Some politicians are corrupt and will stop at nothing to be elected.
This is the unsurprising premise of the unsurprising “Broken City,” whose acting ensemble deserves better than this mediocre screenplay. It’s also surprising that the talented Allen Hughes (half of the Hughes Brothers, who directed “Menace II Society” and “From Hell”) was attracted to this project.
The show begins with Billy (Mark Wahlberg), a New York City police detective, defending himself against a charge that he killed someone. Mayor Hostetler (Russell Crowe) tells Billy he’s a hero while Police Chief Carl Fairbanks (Jeffrey Wright) remains skeptical. Billy ends up resigning from the force.
Seven years later, he’s a private investigator with an actress girlfriend (Natalie Martinez). Billy’s tough, determined assistant Katy (Alona Tal) helps his business stay afloat.
Hostetler calls Billy one day because he needs someone to gather evidence that his wife Cathleen (Catherine Zeta-Jones) is cheating on him. Hostetler wants to know the man’s identity, and he also wants pictures for proof. Hostetler is vying against Jack Valliant (Barry Pepper) in a mayoral race, and he doesn’t want to lose the election because of his unfaithful wife.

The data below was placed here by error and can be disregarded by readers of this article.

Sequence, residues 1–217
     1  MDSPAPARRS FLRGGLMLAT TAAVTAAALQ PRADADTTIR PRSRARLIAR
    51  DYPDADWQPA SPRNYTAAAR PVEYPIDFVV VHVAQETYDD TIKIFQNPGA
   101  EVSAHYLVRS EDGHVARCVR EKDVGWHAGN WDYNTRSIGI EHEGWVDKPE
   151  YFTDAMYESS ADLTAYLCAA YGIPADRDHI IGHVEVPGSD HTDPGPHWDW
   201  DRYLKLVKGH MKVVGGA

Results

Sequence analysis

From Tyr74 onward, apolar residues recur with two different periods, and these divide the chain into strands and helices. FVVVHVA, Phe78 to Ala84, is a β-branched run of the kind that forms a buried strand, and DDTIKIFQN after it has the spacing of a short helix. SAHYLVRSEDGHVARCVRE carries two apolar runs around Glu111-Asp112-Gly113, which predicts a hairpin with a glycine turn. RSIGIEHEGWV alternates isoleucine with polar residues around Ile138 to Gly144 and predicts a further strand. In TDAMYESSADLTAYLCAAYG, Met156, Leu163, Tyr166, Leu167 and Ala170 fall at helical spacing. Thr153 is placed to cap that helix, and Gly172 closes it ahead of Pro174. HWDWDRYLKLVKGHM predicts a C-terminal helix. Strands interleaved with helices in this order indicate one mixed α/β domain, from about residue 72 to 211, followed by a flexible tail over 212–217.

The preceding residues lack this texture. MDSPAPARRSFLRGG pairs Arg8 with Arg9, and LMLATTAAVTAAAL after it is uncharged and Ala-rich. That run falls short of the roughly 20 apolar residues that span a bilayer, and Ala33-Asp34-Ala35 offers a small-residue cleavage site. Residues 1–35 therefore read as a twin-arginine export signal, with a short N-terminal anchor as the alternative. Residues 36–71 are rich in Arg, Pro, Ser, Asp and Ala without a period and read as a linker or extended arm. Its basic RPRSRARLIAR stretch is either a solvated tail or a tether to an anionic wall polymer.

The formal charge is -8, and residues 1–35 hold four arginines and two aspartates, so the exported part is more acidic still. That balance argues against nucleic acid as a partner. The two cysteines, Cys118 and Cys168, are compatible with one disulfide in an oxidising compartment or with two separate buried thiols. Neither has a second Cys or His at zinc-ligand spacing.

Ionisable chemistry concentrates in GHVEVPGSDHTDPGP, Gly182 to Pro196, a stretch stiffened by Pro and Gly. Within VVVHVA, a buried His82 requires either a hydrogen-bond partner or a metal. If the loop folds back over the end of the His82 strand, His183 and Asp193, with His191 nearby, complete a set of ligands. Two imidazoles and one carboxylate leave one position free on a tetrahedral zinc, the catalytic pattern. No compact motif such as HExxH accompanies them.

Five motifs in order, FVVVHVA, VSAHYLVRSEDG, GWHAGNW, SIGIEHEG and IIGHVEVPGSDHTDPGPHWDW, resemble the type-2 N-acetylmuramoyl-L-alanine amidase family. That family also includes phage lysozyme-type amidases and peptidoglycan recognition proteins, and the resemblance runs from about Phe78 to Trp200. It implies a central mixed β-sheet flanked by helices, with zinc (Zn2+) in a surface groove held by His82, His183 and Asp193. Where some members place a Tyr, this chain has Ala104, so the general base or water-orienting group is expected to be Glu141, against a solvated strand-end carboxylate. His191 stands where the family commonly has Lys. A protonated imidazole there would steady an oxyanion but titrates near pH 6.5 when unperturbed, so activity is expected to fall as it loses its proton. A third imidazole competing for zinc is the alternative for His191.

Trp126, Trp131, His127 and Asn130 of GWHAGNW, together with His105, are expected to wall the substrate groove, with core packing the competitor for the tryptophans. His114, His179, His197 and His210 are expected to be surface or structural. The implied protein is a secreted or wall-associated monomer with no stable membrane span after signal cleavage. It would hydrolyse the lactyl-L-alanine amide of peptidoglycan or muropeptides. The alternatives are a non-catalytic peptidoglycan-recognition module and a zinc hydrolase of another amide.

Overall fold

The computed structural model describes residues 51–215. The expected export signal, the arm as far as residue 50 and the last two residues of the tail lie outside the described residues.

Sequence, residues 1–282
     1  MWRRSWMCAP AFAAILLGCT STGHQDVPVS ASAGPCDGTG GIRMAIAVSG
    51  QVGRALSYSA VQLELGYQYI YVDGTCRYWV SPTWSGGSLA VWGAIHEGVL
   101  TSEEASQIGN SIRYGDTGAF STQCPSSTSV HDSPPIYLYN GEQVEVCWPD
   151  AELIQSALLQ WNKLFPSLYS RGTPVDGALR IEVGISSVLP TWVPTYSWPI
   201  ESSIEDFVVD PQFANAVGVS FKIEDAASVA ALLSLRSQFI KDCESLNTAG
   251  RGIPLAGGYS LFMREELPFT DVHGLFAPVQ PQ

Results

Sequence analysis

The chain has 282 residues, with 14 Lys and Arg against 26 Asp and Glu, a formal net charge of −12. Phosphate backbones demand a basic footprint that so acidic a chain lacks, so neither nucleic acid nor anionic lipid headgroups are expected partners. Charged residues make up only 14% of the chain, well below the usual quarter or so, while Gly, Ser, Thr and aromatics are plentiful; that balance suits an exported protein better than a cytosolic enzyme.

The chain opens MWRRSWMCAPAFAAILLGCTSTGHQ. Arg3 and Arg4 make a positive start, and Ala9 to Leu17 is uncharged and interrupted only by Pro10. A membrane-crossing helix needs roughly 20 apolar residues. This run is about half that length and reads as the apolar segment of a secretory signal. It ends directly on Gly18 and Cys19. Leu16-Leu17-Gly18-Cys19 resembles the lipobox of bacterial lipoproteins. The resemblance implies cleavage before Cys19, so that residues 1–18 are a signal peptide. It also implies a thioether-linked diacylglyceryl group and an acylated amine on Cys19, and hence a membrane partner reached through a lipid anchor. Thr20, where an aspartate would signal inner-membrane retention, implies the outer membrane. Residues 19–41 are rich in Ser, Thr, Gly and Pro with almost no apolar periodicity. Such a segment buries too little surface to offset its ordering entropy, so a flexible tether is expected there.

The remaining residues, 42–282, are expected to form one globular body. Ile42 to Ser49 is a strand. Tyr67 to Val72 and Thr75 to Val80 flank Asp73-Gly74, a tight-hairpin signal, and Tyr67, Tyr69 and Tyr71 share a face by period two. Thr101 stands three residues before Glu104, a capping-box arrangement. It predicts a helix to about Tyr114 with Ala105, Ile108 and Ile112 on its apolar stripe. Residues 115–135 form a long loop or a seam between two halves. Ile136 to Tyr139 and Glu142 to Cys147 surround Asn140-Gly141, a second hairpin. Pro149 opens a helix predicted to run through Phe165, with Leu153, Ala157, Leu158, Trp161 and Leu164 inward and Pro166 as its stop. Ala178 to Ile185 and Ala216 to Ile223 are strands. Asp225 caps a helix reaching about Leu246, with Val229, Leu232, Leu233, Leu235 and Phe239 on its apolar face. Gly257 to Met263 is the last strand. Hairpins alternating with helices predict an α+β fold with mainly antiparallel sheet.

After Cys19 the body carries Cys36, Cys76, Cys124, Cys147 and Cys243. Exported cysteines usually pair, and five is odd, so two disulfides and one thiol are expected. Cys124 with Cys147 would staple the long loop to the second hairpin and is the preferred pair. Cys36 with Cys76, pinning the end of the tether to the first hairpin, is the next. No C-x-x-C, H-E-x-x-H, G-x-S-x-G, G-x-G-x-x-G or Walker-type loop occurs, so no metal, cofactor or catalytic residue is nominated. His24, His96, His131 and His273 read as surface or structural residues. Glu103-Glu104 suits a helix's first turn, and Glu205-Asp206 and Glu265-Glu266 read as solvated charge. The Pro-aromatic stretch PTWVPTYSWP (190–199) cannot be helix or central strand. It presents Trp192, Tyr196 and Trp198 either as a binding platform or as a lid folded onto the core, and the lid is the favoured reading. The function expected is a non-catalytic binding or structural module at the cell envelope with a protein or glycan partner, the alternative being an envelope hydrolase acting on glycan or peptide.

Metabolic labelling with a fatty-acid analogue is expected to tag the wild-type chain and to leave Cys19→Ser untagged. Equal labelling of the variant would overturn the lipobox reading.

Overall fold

Meanwhile, Billy has problems of his own in the love department. His girlfriend is starring in an independent film, and Billy thinks the director has eyes for her. This leads him to consider taking a drink for the first time in years. Also, Cathleen is sharp enough to know that Billy is following her — and that he is being manipulated.
There are a couple of “reveals” toward the end of the movie, but they’re thrown in with such a cavalier approach that one of them almost goes unnoticed. The other ends in a fizzle and is far from astonishing.
The cast is interesting, although Zeta-Jones really doesn’t have much to do. Wahlberg is solid as a private eye, and Crowe always gives heft to his characters with charisma and confidence. I have always liked Barry Pepper, so it’s nice to see him in this top-notch cast as a character who struggles with guilt and secrets.
This is far from a candidate for the worst movie of 2013. On the other hand, there won’t be any Oscar nods for it, either. As my Grandma Ryan used to say, “It’s not broken, but it’s badly bent.”